Rangers, Eintracht roll back the years for retro Europa League final

Published May 18, 2022
SEVILLE: Rangers’ Borna Barisic attends a training session with team-mates at the 
Ramon Sanchez Pizjuan Stadium on Tuesday ahead of their Europa League final against Eintracht Frankfurt.—Reuters
SEVILLE: Rangers’ Borna Barisic attends a training session with team-mates at the Ramon Sanchez Pizjuan Stadium on Tuesday ahead of their Europa League final against Eintracht Frankfurt.—Reuters

SEVILLE: Ten years after financial oblivion plunged them into Scotland’s bottom tier, Rangers are on the brink of lifting their first European trophy in half a century as they meet Eintracht Frankfurt in the final of the Europa League on Wednesday.

Administration, liquidation and relegation all blighted a broken club in 2012 but if the Rangers recovery was complete when they won the Scottish Premiership again last season, a final in Seville now offers them a shot at European glory too.

“We’re one game away from making history,” Rangers midfielder Aaron Ramsey said on Monday as the squad departed for Spain, the final leg of a journey that began eight months ago in defeat and disappointment.

With the chance to play in the Champions League on the back of winning the Scottish title, Rangers instead lost to Malmo in the third qualifying round, a result that set up a play-off to reach the Europa League with Alashkert from Armenia.

There were more prestigious opponents to come as Rangers, under Giovanni van Bronckhorst from November after Steven Gerrard left for Aston Villa, defeated Borussia Dortmund, Red Star Belgrade, Braga and RB Leipzig in the knock-out rounds to reach their first European final in 14 years.

A victory would earn the club its first cup on the continent since Rangers beat Dynamo Moscow 3-2 in Barcelona to lift the Cup Winners’ Cup in 1972.

“This is a chance for them to be in the history books of this club and really get an historic win,” sad Van Bronckhorst.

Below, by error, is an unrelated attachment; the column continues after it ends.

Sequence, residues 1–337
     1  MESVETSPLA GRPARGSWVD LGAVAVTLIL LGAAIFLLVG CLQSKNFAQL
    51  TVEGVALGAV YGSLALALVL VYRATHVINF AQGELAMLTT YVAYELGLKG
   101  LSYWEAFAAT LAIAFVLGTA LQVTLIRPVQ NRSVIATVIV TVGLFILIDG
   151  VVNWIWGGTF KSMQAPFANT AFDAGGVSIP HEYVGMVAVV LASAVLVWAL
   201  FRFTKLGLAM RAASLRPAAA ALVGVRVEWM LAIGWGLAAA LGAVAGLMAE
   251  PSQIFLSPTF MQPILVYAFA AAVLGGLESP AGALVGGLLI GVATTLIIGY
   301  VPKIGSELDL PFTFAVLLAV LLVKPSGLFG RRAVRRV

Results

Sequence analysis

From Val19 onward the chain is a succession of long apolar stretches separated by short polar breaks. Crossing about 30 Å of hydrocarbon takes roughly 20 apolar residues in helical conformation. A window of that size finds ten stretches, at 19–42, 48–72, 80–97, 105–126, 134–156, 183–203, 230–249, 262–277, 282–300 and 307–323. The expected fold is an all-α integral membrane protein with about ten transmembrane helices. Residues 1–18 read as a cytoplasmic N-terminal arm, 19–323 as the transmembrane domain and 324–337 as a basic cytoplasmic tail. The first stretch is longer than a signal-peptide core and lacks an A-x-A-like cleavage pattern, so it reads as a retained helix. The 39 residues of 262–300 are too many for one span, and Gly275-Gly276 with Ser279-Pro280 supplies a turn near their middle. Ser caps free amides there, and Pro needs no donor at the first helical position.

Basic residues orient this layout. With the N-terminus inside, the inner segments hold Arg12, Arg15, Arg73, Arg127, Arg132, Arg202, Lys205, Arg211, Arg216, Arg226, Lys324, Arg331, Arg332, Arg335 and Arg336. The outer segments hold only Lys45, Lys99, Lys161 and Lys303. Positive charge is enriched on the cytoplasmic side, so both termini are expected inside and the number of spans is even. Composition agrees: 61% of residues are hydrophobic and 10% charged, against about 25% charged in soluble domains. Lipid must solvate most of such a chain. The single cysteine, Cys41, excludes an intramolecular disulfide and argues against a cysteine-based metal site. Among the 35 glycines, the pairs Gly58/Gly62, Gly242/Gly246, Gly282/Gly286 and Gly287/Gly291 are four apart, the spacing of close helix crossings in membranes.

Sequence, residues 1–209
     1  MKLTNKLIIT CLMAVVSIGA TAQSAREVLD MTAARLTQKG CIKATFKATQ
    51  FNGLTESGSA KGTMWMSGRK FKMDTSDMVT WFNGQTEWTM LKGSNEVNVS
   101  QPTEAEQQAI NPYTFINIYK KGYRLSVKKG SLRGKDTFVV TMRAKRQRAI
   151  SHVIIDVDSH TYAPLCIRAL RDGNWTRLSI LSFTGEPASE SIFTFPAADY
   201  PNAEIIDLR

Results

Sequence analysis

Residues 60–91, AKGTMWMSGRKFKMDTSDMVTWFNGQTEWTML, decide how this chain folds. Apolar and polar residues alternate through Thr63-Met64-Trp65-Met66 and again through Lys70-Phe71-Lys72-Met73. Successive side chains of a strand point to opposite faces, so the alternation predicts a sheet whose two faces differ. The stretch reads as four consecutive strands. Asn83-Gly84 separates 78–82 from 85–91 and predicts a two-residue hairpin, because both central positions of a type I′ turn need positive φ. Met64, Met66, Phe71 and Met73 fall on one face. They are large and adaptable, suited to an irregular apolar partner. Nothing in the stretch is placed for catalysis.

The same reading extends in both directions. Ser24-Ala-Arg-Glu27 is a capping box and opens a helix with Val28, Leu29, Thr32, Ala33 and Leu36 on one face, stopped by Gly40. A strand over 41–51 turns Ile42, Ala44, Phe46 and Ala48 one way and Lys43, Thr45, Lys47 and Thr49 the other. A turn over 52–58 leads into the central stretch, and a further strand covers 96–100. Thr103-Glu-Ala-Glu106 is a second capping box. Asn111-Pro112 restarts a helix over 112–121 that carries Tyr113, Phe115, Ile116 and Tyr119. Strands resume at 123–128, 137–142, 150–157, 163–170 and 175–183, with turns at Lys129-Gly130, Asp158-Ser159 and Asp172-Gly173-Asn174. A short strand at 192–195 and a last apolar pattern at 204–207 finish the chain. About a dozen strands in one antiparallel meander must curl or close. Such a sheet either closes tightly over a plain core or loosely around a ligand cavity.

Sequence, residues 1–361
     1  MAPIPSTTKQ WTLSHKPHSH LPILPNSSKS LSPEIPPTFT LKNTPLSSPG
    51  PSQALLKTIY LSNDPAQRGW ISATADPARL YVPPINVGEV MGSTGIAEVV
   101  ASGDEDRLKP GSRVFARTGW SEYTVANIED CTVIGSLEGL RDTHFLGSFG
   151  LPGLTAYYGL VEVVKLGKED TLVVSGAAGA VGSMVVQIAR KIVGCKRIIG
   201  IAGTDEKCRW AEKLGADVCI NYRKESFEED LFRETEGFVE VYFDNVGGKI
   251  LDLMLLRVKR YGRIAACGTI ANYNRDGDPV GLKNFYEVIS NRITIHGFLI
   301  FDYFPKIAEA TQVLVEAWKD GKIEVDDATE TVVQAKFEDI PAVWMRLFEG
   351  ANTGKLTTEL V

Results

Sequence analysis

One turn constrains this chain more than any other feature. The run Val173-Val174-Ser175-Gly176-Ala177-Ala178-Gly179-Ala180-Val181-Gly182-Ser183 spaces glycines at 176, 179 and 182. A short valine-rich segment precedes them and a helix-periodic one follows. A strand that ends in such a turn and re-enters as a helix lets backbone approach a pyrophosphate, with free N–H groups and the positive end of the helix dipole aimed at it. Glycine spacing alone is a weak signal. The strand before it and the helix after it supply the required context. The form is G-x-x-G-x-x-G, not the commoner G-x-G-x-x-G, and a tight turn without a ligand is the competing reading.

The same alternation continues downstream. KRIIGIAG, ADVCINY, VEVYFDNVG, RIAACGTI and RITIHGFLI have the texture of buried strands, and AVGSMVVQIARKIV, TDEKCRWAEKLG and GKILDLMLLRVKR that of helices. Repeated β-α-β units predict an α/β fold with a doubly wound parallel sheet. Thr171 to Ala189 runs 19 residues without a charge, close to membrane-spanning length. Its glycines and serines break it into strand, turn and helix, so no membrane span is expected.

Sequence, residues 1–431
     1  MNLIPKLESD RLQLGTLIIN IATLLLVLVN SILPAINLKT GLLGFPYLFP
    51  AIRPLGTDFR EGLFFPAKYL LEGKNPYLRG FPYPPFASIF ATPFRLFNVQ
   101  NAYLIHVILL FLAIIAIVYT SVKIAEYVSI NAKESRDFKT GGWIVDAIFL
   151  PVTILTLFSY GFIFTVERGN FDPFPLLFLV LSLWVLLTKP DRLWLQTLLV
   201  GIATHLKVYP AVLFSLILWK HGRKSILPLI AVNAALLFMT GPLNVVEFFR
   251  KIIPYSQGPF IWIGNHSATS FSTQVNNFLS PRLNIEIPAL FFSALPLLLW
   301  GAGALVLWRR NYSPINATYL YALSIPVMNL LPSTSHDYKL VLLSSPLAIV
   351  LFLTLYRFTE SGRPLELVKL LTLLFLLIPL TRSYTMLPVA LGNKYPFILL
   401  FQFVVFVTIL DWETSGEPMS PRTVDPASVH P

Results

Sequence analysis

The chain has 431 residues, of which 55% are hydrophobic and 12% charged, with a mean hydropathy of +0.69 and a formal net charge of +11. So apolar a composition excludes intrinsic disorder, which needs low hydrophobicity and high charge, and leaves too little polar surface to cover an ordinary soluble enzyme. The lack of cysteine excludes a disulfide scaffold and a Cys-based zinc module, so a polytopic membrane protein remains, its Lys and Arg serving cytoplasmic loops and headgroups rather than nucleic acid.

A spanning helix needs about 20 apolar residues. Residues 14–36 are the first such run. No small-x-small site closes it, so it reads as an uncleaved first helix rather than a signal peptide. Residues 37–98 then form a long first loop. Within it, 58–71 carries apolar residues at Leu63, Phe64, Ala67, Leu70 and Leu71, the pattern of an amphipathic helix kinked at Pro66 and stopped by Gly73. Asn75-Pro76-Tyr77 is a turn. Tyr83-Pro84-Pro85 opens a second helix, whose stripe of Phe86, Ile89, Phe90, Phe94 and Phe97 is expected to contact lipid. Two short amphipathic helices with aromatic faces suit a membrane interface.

“Then the stories they will tell in years to come will be the same stories that the players from 1972 tell to my players.

“I’ve said it before you have to dream of something to really achieve it. You can work hard and really give everything to achieve your goal and that is beautiful.”

Eintracht will start the match as favourites after already knocking out Real Betis, Barcelona and West Ham to elevate an otherwise underwhelming campaign that saw the team finish 11th in the Bundesliga.

It will be their first European final since beating Borussia Moenchengladbach to win the UEFA Cup in 1980 while the club retains happy memories of games against Rangers, after thrashing the Glasgow side 12-4 on aggregate in the semi-finals of the European Cup 20 years before.

The crowd are expected to play a huge part at the Ramon Sanchez Pizjuan, with up to 100,000 Rangers fans and at least 60,000 Eintracht supporters expected to follow their teams to Seville, raising concerns about security in the city.

Frankfurt fans clashed with West Ham fans in Seville when the teams crossed there in March while Rangers’ last European final against Zenit St Petersburg in Manchester, in the UEFA Cup in 2008, was marred by violence as 39 people were arrested and riot police had to be called.

Rangers fans without tickets will be able to watch the game in a fan zone at the La Cartuja stadium, located on the outskirts of Seville and nine kilometres from the Ramon Sanchez Pizjuan, and ticketless Frankfurt supporters will be urged to congregate at the Prado de San Sebastian, closer to the centre but six kilometres away from La Cartuja.

“They’re expecting a rush in Seville that the city hasn’t seen before,” Eintracht chief executive Axel Hellman said. “It’s going to be a unique gathering of the most vocal and enthusiastic fans in Europe.”

Rangers’ top scorer Alfredo Morelos will miss the game with a thigh injury while Kemar Roofe is also struggling with a knee problem, meaning Van Bronckhorst could start without a natural striker again.

Eintracht forward Jesper Lindstrom is hoping to shake off a hamstring strain in time for the final, with Jens Petter Hauge ready to stand in.

“It’s important he has two or three days training to be ready for the intensity that awaits us on Wednesday,” Eintracht coach Oliver Glasner said.

Published in Dawn, May 18th, 2022

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